Tahlequah Daily Press

Columns

July 10, 2012

Can you be a Poindexter if you don’t like PB?

TAHLEQUAH — In both my nuclear and extended families, peanut butter has always been a serious issue. Everyone loves it, and everyone harbors extreme brand loyalty. Many battles have been fought in the Peanut Butter Wars, the duration of which makes the Cold War seem like a brief backyard scuffle over a croquet game.

I am not a soldier in this perpetual campaign, because I do not like raw peanut butter. At family reunions, I’ve heard my mother insulted in whispers by relatives who suggest I might not be a “real” Poindexter, since I don’t like peanut butter straight out of the jar. (I like peanut butter cookies, and Reese’s Peanut Butter Cups.)

My father eats peanut butter on everything. If he were stuck in the middle of the Sahara desert and a dried piece of camel dung were the only potentially edible item available other than a dollop of peanut butter, I suspect he’d break the dung into two pieces, plop on the PB, hold his nose, and live to see another day.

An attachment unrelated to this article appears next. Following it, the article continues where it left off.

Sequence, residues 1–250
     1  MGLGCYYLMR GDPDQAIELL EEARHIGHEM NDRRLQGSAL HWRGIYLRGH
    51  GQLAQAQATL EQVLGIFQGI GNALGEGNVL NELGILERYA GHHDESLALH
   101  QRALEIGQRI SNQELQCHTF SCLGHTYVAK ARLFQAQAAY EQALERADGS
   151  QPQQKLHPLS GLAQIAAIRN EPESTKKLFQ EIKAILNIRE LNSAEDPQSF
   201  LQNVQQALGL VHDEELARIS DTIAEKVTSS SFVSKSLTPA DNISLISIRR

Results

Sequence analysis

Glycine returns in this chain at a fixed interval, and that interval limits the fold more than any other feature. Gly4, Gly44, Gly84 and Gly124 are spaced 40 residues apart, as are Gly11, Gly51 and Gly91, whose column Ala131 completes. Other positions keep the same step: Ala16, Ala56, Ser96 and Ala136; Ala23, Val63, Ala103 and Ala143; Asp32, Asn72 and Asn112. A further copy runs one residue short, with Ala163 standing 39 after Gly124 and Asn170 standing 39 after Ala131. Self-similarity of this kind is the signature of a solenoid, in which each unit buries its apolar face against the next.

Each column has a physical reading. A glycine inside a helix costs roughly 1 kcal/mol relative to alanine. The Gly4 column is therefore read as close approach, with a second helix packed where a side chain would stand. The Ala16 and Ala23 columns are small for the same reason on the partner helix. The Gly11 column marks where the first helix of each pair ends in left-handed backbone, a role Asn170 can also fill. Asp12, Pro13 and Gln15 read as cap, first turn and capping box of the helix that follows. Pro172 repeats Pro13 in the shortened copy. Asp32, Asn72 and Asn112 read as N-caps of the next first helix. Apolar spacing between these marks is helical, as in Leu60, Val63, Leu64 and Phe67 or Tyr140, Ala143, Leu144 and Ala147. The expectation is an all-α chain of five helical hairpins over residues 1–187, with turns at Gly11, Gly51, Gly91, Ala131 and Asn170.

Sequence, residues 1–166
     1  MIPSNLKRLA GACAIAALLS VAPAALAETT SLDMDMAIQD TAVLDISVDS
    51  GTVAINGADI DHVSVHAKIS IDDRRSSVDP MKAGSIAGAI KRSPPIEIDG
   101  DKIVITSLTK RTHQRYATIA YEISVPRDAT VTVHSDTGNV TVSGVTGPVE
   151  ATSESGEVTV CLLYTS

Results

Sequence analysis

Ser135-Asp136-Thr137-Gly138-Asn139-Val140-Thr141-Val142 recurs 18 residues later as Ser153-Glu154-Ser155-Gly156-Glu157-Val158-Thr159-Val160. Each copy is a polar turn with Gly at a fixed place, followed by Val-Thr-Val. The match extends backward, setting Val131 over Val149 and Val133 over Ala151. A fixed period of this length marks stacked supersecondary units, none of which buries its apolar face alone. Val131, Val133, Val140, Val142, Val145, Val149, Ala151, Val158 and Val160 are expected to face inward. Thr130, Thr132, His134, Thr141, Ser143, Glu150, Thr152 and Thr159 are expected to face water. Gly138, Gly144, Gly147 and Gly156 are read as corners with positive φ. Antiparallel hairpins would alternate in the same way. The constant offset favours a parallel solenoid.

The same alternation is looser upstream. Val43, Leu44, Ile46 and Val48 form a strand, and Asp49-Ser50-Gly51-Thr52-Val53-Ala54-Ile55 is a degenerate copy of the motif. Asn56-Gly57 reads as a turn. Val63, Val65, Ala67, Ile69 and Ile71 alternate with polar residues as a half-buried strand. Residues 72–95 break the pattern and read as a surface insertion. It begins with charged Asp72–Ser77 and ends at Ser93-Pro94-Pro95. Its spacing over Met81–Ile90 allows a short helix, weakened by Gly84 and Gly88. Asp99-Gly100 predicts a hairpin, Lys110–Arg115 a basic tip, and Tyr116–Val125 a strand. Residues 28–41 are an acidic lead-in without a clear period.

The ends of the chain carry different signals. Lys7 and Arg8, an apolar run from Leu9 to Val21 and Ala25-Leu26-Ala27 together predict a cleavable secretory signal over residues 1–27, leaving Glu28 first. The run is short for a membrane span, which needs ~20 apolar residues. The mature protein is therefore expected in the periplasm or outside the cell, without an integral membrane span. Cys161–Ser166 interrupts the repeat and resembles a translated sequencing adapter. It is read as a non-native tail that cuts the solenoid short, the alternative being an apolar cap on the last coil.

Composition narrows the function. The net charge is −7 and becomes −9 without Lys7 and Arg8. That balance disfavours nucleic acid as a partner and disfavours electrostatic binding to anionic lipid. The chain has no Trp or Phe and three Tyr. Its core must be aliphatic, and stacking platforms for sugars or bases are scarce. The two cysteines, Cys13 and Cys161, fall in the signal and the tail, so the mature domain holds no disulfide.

Grandma Poindexter was a diehard peanut butter fan, and she was just as opinionated as her eldest son when it came to branding. “Branding” is a buzz word, in the newspaper industry and everywhere else. If you successfully “brand” your product, you can ensure customer loyalty. I can think of no finer example of brand loyalty than in the peanut butter industry.

Grandma Poindexter was a staunch Peter Pan buff. She often said, “I’ve ALWAYS bought Peter Pan,” which may have been true, since that particular PB debuted in 1920 as “E.K. Pond” just a couple of years before she was born, and was renamed Peter Pan in 1928.